Decision Quotes (displaying: 1 - 30 of 1581 quotes )
Contrary to what most people think, making a decision is one of the easiest decisions in the world, as is more than proved by the fact that we make decision upon decision throughout the day, there, however, we run straight into the heart of the matter, for these decisions always come to us afterward with their particular little problems, or, to make ourselves quite clear, with their rough edges needing to be smoothed, the first of these problems being our capacity for sticking to a decision and the second our willingness to follow it through.
The mind of Caesar. It is the reverse of most men's. It rejoices in committing itself. To us arrive each day a score of challenges; we must say yes or no to decisions that will set off chains of consequences. Some of us deliberate; some of us refuse the decision, which is itself a decision; some of us leap giddily into the decision, setting our jaws and closing our eyes, which is the sort of decision of despair. Caesar embraces decision. It is as though he felt his mind to be operating only when it is interlocking itself with significant consequences. Caesar shrinks from no responsibility. He heaps more and more upon his shoulders.
For I am—or I was—one of those people who pride themselves in on their willpower, on their ability to make a decision and carry it through. This virtue, like most virtues, is ambiguity itself. People who believe that they are strong-willed and the masters of their destiny can only continue to believe this by becoming specialists in self-deception. Their decisions are not really decisions at all—a real decision makes one humble, one knows that it is at the mercy of more things than can be named—but elaborate systems of evasion, of illusion, designed to make themselves and the world appear to be what they and the world are not. This is certainly what my decision, made so long ago in Joey’s bed, came to. I had decided to allow no room in the universe for something which shamed and frightened me. I succeeded very well—by not looking at the universe, by not looking at myself, by remaining, in effect, in constant motion.
We feel that our actions are voluntary when they follow a decision and involuntary when they happen without decision. But if a decision itself were voluntary every decision would have to be preceded by a decision to decide - An infinite regression which fortunately does not occur. Oddly enough, if we had to decide to decide, we would not be free to decide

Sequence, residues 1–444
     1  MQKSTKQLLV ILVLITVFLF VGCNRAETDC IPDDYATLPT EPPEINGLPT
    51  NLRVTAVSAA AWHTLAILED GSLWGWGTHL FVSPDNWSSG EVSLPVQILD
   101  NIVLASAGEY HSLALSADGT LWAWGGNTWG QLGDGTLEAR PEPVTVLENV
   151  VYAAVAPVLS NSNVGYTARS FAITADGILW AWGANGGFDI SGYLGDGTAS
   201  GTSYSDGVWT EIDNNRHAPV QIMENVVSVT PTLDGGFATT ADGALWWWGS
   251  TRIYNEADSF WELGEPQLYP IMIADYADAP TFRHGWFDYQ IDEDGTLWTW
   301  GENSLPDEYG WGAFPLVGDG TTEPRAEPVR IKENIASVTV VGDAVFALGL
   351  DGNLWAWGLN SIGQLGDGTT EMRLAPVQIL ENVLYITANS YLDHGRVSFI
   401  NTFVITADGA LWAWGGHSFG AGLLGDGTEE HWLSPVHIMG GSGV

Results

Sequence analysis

If you obsess over whether you are making the right decision, you are basically assuming that the universe will reward you for one thing and punish you for another. The universe has no fixed agenda. Once you make any decision, it works around that decision. There is no right or wrong, only a series of possibilities that shift with each thought, feeling, and action that you experience. If this sounds too mystical, refer again to the body. Every significant vital sign- body temperature, heart rate, oxygen consumption, hormone level, brain activity, and so on- alters the moment you decide to do anythin? decisions are signals telling your body, mind, and environment to move in a certain direction.
We live in a world that assumes that the quality of a decision is directly related to the time and effort that went into making it...We believe that we are always better off gathering as much information as possible an depending as much time as possible in deliberation. We really only trust conscious decision making. But there are moments, particularly in times of stress, when haste does not make waste, when our snap judgments and first impressions can offer a much better means of making sense of the world. The first task of Blink is to convince you of a simple fact: decisions made very quickly can be every bit as good as decisions made cautiously and deliberately.
The decision he made with Usama bin Laden was a tactical decision. It wasn't a strategic decision. The strategic decision was made by President Bush to go after him. What President Obama has done on his watch, the issues that have come up while he's been president, he's gotten it wrong strategically every single time.
We’ve lost something vital, I tell you. When we lost it, we lost the ability to make good decisions. We fall upon decisions these days the way we fall upon an enemy—or wait and wait, which is a form of giving up, and we allow the decisions of others to move us. Have we forgotten that we were the ones who set this current flowing?